One month later, the plaintiff notified the defendants that she was withdrawing the expert as a Rule 213(f)(3) controlled expert witness and would not produce his report or test results. 2020 IL 125219 at ¶5. On August 3, 2017, the plaintiff moved to redesignate the expert as a nontestifying expert consultant under Rule 201(b)(3). 2020 IL 125219 at ¶6. In support of her motion, the plaintiff stated that her counsel had inadvertently designated the expert as a testifying expert witness and argued his reports were precluded from discovery absent a showing of exceptional circumstances. Id. The plaintiff further noted that the expert “was not one of her treating physicians [and] ‘she was neither referred to [him] by any of her medical providers for treatment’ nor provided ‘with any medical treatment for her complained-of injuries.’ ” Id.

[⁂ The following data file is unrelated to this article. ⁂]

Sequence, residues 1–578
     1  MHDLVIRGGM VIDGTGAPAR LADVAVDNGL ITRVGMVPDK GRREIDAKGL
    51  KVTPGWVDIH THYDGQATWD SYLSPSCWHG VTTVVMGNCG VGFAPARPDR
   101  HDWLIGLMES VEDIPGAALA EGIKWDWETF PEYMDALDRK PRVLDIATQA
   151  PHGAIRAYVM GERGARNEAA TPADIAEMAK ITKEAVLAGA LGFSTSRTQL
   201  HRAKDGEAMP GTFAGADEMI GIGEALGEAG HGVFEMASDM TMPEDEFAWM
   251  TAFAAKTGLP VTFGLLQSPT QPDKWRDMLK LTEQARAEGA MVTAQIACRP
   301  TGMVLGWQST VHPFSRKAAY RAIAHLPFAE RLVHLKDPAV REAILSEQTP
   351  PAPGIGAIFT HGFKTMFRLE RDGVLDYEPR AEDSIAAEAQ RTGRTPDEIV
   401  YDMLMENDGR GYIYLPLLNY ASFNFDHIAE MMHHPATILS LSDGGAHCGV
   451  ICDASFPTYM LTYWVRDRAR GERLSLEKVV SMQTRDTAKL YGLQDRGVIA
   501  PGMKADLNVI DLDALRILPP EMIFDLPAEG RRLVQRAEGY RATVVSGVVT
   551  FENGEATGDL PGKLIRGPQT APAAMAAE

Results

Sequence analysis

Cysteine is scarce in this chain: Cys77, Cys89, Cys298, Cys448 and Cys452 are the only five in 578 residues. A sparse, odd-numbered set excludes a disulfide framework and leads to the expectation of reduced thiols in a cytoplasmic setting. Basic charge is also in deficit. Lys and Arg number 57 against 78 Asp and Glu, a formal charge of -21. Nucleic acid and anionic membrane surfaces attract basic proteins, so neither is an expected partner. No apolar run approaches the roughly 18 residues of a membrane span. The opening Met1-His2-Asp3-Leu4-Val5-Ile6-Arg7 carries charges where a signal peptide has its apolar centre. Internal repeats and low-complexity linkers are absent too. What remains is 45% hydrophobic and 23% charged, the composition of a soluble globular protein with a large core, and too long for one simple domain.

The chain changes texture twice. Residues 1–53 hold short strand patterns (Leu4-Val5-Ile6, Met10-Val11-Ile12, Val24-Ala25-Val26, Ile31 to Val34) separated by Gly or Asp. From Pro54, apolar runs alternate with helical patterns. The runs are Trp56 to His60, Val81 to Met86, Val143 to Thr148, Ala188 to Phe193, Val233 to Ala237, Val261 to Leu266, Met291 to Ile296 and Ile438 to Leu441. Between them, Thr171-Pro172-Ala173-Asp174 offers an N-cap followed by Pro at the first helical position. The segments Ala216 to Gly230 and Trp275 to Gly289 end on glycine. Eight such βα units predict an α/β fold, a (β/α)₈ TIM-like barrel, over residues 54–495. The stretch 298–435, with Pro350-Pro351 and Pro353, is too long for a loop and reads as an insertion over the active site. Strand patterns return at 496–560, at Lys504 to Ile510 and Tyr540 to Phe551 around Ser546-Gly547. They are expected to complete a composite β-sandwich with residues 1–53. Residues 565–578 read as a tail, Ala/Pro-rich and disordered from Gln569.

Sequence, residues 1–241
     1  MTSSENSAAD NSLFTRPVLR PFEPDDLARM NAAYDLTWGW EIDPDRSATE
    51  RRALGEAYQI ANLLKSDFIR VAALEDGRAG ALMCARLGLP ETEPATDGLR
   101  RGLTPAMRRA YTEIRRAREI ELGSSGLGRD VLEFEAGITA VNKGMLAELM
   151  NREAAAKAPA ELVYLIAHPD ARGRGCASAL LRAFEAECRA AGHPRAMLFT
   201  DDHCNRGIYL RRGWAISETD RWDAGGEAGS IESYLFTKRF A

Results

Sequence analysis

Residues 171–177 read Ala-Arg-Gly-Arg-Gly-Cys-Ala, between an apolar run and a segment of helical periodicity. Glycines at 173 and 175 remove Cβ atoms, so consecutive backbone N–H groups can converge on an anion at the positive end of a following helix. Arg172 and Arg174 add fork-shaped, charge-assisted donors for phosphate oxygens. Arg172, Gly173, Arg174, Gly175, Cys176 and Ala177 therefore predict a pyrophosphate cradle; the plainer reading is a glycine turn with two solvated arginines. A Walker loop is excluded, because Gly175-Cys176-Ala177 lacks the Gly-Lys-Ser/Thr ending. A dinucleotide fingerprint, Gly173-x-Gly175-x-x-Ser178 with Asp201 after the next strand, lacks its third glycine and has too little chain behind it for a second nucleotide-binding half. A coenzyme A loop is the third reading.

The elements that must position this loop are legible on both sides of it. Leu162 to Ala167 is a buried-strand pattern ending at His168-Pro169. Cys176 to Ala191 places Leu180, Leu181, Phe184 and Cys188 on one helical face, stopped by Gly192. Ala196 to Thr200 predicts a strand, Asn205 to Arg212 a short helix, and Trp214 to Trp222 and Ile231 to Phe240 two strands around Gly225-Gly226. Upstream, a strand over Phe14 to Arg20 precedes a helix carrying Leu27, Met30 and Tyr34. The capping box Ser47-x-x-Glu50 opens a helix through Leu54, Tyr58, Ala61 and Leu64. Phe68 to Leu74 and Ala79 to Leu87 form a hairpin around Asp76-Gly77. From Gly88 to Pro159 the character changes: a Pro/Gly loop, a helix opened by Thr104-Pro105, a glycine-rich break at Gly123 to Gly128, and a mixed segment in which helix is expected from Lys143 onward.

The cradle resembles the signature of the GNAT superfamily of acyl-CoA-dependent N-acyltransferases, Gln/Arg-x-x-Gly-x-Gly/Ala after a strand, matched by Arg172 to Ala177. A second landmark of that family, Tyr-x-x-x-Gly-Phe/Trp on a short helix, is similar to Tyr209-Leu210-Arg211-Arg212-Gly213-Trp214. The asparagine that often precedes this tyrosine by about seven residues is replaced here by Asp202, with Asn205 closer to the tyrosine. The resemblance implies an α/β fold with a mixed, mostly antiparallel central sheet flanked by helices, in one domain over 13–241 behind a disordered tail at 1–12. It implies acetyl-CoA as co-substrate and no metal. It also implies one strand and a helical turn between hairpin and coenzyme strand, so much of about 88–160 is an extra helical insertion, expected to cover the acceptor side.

The circuit court denied the plaintiff’s motion to withdraw the expert as a controlled expert, as well as her subsequent motion for reconsideration, ordering the expert’s reports to be produced. 2020 IL 125219 at ¶8. On appeal, the appellate court reversed the denial of the motions and held “[the expert’s] EMG study was protected by the consultant’s work-product privilege and subject to disclosure only upon a showing of exceptional circumstances.” 2020 IL 125219 at ¶10, quoting Dameron v. Mercy Hospital & Medical Center, 2019 IL App (1st) 172338, ¶50, 145 N.E.3d 1, 437 Ill.Dec. 703. The defendants appealed to the Illinois Supreme Court.
The Illinois Supreme Court’s Ruling
In a unanimous opinion delivered by Justice Garman, the Illinois Supreme Court affirmed the appellate court’s decision reversing the lower court’s orders denying redesignation and compelling production of the expert’s study.